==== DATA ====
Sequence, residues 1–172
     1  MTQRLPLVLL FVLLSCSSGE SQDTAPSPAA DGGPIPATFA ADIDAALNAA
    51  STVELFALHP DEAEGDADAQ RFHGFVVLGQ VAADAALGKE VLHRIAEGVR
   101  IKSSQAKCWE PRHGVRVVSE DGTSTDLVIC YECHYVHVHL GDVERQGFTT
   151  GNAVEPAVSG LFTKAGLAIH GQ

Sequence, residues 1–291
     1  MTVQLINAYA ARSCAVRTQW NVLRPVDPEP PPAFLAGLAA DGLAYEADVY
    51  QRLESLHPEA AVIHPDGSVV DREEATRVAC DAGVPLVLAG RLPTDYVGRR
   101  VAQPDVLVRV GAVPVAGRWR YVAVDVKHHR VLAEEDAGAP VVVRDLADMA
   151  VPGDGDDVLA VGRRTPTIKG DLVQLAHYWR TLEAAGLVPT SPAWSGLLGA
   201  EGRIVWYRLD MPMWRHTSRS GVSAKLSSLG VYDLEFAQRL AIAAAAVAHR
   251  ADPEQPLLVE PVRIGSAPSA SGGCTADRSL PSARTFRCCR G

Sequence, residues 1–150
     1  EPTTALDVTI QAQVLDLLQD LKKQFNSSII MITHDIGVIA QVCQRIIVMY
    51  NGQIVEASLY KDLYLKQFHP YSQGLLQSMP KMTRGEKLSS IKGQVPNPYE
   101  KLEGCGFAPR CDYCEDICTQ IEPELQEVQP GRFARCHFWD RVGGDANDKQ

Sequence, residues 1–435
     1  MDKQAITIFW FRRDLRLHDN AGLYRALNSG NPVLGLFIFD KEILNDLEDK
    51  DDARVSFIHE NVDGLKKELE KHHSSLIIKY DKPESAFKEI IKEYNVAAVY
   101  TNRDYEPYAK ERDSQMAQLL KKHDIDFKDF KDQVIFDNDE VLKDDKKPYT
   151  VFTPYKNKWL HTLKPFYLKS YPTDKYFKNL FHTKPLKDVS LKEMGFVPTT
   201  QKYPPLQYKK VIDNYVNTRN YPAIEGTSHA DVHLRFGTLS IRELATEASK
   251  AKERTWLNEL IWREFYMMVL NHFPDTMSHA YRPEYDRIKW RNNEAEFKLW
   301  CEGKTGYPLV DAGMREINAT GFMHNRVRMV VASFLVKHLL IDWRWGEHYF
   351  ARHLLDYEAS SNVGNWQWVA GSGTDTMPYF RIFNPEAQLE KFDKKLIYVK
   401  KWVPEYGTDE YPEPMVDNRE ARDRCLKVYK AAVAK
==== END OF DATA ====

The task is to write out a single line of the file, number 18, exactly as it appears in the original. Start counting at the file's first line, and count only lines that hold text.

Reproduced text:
     1  MDKQAITIFW FRRDLRLHDN AGLYRALNSG NPVLGLFIFD KEILNDLEDK